# genisoimage -U -r -v -T -J -joliet-long -V "RHEL-7.4 Server.x86_64" -volset "RHEL-7.4 Server.x86_64" -A "RHEL-7.4 Server.x86_64" -b isolinux/isolinux.bin -c isolinux/ -no-emul-boot -boot-load-size 4 -boot-info-table -eltorito-alt-boot -e images/efiboot.img -no-emul-boot -o ../RHEL7.iso .

How can we create a customized Golden Image or RHEL ISO with kickstart file

Rebuild the DVD iso image


    # cd /rhel
    # mkisofs -o /tmp/new.iso -b isolinux/isolinux.bin -c isolinux/ --no-emul-boot --boot-load-size 4 --boot-info-table -J -R -V disks .

NOTE: In RHEL7, please make sure that you specify the volume id with -V option, and it's same as Volume_ID in step 6.

8. Boot the machine from this ISO

Kickstart has detailed documentation in the Installation Guide

Important Note:

  • The image which will be created using the steps above won't be UEFI enabled. So to have an UEFI enabled image, use the following extra options.
-eltorito-alt-boot -e images/efiboot.img -no-emul-boot
  • And the graft point as follows.
EFI/BOOT={0}/EFI/BOOT images/efiboot.img={0}/images/efiboot.img
  • Where {0} is replaced by the location where the existing DVD is mounted/extracted.
  • One should also run isohybrid on it so that it can be booted by both BIOS and UEFI:
isohybrid --uefi boot.iso 

To use a Kickstart file to install a system:

  1. Boot the system from a bootable medium or from a network installation server that supports PXE client installation. If you need to modify the boot command, press Esc to access the command line. Note, however, that the boot configuration might not allow you to modify the boot command.

    For PXE clients, it is usual to specify the Kickstart parameters in the boot loader configuration. For example, the following example configures a Kickstart installation for a PXE client that boots using pxelinux:

    prompt 0
    default ol6u6
    timeout 0
    label ol6u6
    kernel vmlinuz-OL6u6
    append initrd=initrd-OL6u6.img ksdevice=eth0 kssendmac ks=

    The ksdevice=eth0 parameter specifies the interface to be used for network installation. If a system has multiple network interfaces, this prevents the installation from prompting you to choose an interface. Alternatively, you could specify ksdevice=bootif and add an ipappend 2 entry after the append entry:

    prompt 0
    default ol6u6
    timeout 0
    label ol6u6
    kernel vmlinuz-OL6u6
    append initrd=initrd-OL6u6.img ksdevice=bootif kssendmac ks=
    ipappend 2

    This configuration also prevents you from being prompted to choose a network interface but it does not control which interface is selected.

    The next example configures a Kickstart installation for a PXE client that boots using GRUB:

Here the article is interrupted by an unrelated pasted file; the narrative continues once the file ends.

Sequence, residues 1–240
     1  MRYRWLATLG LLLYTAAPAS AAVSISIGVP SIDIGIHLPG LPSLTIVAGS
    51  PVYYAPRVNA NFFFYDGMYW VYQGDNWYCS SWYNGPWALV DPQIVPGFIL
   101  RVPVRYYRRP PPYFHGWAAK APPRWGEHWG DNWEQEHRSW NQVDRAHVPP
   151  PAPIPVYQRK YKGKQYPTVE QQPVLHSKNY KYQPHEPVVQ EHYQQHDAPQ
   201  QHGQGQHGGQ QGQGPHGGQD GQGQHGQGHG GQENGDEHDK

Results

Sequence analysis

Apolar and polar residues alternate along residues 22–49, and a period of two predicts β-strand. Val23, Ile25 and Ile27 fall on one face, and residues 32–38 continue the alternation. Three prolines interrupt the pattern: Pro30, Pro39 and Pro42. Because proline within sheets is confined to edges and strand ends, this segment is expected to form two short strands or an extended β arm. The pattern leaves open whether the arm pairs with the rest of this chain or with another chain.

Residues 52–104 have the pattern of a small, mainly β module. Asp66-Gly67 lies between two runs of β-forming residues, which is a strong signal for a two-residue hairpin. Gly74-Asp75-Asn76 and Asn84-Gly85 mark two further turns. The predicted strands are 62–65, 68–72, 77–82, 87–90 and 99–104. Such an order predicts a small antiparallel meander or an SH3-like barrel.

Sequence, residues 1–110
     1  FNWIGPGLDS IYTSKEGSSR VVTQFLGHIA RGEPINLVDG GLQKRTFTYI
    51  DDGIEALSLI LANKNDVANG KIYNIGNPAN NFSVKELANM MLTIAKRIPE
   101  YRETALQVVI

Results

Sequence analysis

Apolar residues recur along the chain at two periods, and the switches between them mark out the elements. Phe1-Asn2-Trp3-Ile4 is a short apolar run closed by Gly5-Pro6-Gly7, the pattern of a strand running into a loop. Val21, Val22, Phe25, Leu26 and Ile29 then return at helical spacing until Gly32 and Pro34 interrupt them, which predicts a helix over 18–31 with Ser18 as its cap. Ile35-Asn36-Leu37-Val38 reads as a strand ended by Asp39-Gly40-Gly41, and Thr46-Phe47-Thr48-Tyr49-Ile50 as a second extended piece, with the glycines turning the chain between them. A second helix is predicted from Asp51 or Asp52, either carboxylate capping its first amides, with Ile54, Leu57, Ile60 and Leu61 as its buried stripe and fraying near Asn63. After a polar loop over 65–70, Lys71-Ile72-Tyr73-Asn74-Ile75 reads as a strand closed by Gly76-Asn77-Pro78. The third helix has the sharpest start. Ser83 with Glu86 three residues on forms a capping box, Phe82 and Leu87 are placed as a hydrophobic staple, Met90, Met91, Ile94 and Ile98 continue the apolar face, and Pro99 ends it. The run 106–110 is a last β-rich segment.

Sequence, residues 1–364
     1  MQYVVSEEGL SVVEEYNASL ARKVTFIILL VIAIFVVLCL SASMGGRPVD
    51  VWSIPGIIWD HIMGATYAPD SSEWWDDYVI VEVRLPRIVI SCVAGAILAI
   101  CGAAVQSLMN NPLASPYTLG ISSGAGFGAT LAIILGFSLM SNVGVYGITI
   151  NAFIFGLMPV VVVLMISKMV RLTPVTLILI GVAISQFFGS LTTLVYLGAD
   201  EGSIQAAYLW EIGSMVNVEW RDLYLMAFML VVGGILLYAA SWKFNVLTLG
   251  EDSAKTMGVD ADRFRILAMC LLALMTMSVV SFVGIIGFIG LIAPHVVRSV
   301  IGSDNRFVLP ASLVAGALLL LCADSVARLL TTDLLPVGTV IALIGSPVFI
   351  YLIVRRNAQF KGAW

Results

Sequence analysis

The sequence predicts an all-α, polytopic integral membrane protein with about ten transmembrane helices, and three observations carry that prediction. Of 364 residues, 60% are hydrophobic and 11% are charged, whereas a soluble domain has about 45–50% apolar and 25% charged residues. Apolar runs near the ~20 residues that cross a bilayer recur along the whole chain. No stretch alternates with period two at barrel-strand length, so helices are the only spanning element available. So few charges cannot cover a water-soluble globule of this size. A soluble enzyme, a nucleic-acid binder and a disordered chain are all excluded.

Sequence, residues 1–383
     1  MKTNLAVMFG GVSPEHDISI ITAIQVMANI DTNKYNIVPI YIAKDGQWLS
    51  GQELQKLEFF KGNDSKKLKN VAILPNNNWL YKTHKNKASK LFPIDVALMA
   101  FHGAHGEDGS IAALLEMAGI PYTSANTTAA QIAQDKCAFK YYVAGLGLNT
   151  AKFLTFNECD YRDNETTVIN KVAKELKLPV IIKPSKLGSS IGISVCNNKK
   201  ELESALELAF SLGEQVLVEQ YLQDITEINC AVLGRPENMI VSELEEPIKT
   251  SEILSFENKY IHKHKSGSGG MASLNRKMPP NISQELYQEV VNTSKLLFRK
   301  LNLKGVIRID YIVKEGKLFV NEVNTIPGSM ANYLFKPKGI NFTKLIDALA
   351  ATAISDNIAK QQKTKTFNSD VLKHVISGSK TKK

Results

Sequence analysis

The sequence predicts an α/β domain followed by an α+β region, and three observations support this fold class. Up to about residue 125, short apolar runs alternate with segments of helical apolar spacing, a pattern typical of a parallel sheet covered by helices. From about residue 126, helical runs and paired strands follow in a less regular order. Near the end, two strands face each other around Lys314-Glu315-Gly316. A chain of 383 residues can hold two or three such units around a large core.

title Oracle Linux 6 Update 6 Installation
        root (nd)
        kernel /vmlinuz-OL6u6 ksdevice=eth0 kssendmac ks=
        initrd /initrd-OL6u6.img
    1. If you have not customized the boot configuration to use Kickstart, you can use the ks option to specify the location of the Kickstart file.
    2. The following boot command specifies that the Kickstart file is on the boot CD:
    boot: linux ks=cdrom:/ks.cfg
    1. If the Kickstart file is located on an NFS server, you might use a boot command such as the following:
    boot: linux ksdevice=eth0 ip=dhcp ks=nfs:

    where ksdevice=eth0 specifies the network interface and ip=dhcp specifies that DHCP should be used to configure this interface.

    For more information, see Section 2.2, "Installation Boot Options".

Hands-Off Fedora Installs with Kickstart

O'Reilly Media

Creating the Kickstart Config File, ks.cfg

ks.cfg makes unattended installs possible. It holds canned responses to the questions posed during an interactive install. The examples assume you've saved this file under the web server's document root as kickstart/ks.cfg.

There are several ways to create ks.cfg. (I did warn you that Kickstart was flexible.) If you're plotting a clone farm, build one machine to your specs and use /root/anaconda-ks.cfg on that host as a starting point for the others.

Barring that, use the redhat-config-kickstart GUI (from the redhat-config-kickstart package). This tool doesn't support LVM for disk layout, but is a valuable learning tool nonetheless. You can hand-edit the generated ks.cfg to use LVM (described below).

You can also create or edit ks.cfg using any text editor, provided you know the directives. Here's a walk through the directives in the sample ks.cfg.

You probably already have the redhat-config-language, hwdata, and tzdata RPMs installed already. They are not required, but include files that simplify hand-editing ks.cfg.

Installation Type

The first entries are the installation type and source.

url --url http://kickstart-server/FC1-install

The type may be install or upgrade. The url directive specifies an HTTP installation and indicates the URL of the install media. (The directory Fedora, from the install media, must be a subdirectory of the URI part of the URL.) Other installation sources include cdrom for swapping CDs or DVDs, nfs for mounting the install media from an NFS share, and the self-explanatory ftp.